“Overall cost and what that money will buy in terms of flexibility – e.g., wavelength range and power – [remain] a considerable barrier, with an ultrafast laser representing one of the biggest single investments they will make,” Armstrong said.
“Reduction in cost may in part be facilitated by less-complex architectures, such as direct-diode pumping of gain material, fiber lasers and use of semiconductor materials, although some of these approaches may trade off restricted flexibility for lower cost. Advances in flexibility could be driven by taking advantage of the wide tunability offered by OPOs [optical parametric oscillators].”
Stent with ultrafine structures fabricated with a Spirit industrial femtosecond laser. Strut widths and thicknesses are <50 mm. Courtesy of Spectra-Physics, a Newport Corp. brand.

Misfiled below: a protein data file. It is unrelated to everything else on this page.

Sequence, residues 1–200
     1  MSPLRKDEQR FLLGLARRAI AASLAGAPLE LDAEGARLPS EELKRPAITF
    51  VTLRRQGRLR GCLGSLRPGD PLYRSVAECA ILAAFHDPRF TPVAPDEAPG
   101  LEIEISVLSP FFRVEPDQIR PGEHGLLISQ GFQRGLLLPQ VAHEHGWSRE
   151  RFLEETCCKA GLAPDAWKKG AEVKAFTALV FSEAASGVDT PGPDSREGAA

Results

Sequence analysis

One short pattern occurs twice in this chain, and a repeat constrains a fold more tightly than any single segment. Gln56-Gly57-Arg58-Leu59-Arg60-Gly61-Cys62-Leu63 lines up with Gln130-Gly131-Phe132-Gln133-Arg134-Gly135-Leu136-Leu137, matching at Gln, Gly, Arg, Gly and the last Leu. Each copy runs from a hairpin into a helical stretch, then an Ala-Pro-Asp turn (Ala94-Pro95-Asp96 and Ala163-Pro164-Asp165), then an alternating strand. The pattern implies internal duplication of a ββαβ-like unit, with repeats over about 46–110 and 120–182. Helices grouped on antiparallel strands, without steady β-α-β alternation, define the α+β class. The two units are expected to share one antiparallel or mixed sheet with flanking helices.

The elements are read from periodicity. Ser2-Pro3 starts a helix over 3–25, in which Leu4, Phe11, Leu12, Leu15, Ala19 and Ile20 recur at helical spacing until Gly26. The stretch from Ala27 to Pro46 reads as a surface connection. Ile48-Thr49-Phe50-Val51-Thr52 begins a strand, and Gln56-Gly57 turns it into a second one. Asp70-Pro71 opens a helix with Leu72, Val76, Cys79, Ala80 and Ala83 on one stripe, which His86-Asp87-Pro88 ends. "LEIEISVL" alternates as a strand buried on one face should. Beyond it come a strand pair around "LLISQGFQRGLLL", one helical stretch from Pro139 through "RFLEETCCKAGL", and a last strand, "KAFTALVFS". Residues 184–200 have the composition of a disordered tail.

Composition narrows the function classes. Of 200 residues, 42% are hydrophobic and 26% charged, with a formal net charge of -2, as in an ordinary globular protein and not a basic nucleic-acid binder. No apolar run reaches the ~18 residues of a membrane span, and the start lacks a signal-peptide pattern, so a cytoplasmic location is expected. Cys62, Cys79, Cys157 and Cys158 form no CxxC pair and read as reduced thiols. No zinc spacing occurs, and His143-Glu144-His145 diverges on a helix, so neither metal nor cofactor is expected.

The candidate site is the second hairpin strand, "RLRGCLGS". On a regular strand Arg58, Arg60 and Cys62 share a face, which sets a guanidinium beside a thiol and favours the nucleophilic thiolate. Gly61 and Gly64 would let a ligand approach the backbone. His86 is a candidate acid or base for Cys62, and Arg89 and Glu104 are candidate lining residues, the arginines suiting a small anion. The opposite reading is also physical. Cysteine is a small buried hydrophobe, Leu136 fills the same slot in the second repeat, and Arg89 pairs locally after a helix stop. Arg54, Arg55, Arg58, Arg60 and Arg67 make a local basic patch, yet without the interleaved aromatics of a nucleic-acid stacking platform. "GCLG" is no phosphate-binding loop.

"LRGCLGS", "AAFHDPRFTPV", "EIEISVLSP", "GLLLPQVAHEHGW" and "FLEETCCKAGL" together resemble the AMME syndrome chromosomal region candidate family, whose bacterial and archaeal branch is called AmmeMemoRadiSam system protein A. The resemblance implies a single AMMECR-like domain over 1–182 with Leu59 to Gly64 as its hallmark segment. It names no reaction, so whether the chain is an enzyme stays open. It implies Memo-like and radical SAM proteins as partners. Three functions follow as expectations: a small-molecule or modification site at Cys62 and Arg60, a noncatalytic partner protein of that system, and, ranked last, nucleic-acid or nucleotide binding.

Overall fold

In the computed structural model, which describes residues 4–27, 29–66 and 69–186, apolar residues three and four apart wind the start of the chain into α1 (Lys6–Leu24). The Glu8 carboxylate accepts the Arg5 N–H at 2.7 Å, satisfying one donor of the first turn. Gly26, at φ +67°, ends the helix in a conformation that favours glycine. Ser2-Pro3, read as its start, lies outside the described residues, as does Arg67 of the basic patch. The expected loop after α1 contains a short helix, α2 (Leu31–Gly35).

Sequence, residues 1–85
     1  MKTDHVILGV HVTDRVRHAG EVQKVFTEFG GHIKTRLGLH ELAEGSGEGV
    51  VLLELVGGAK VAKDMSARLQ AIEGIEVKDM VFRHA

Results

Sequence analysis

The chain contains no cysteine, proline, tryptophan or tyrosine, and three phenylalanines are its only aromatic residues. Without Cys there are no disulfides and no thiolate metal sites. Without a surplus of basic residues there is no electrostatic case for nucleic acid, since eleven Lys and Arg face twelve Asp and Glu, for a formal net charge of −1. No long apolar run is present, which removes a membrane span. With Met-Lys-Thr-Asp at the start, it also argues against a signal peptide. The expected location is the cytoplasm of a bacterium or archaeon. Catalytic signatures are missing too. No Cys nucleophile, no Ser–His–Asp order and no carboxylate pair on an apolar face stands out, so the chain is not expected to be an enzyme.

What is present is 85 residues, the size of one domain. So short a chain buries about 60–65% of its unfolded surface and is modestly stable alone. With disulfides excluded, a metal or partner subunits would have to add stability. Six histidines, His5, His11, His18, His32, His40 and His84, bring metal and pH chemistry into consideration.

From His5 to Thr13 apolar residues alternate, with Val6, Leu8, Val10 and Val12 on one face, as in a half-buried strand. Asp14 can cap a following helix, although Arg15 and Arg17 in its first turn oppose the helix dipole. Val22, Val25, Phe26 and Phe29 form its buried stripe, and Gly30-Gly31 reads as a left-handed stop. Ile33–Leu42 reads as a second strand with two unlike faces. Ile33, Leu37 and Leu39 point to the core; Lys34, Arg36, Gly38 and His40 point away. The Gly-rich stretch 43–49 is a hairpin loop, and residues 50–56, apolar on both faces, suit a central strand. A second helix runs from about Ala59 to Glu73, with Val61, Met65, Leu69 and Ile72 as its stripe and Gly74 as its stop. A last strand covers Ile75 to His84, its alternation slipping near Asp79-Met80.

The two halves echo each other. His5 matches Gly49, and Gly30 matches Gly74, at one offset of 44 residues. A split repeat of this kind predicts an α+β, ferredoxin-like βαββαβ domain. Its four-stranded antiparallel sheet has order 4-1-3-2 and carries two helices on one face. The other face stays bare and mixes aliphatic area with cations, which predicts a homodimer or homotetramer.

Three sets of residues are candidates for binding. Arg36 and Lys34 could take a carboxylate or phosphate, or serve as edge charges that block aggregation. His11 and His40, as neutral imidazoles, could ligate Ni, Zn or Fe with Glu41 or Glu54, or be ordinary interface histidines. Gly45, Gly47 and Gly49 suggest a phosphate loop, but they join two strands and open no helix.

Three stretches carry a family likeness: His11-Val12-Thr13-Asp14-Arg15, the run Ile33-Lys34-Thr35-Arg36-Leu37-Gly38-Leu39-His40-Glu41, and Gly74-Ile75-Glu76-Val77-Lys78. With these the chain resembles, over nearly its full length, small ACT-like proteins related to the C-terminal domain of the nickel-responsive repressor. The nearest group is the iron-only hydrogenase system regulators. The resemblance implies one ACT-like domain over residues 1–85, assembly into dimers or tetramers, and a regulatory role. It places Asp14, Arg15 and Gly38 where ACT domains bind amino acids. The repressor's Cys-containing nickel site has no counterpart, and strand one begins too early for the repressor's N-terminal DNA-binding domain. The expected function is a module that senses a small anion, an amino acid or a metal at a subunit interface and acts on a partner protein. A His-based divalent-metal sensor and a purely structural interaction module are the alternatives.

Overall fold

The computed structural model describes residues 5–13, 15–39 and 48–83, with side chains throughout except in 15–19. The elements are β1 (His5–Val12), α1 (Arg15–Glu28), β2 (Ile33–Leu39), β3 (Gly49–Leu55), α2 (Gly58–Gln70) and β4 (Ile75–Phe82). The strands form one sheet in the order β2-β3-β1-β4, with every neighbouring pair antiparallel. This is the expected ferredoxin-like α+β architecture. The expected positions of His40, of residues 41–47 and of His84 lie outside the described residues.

Ultrafast fiber lasers
Fianium’s Seaton also believes that over the next few years, we should expect greater penetration of various ultrafast fiber lasers into biomedical study. “The low cost structure, versatility and unprecedented reliability will open up new applications which [are] currently either locked because of unavailability of suitable laser sources or simply inaccessible because of [the] prohibitively high cost of such lasers,” he said.
There are considerable advantages to the fiber laser platform in terms of size, cooling requirements and cost compared with traditional DPSS femtosecond lasers, particularly for ophthalmic surgery.
Other up-and-coming applications of ultrafast lasers include fabrication of implantable medical devices such as cardiovascular stents, intraocular lenses, prosthetics and catheters.
“Stents previously were commonly manufactured with nanosecond pulsed lasers, but new materials and finer structures for cardiovascular and peripheral stents with improved biocompatibility require femtosecond lasers,” Klein said.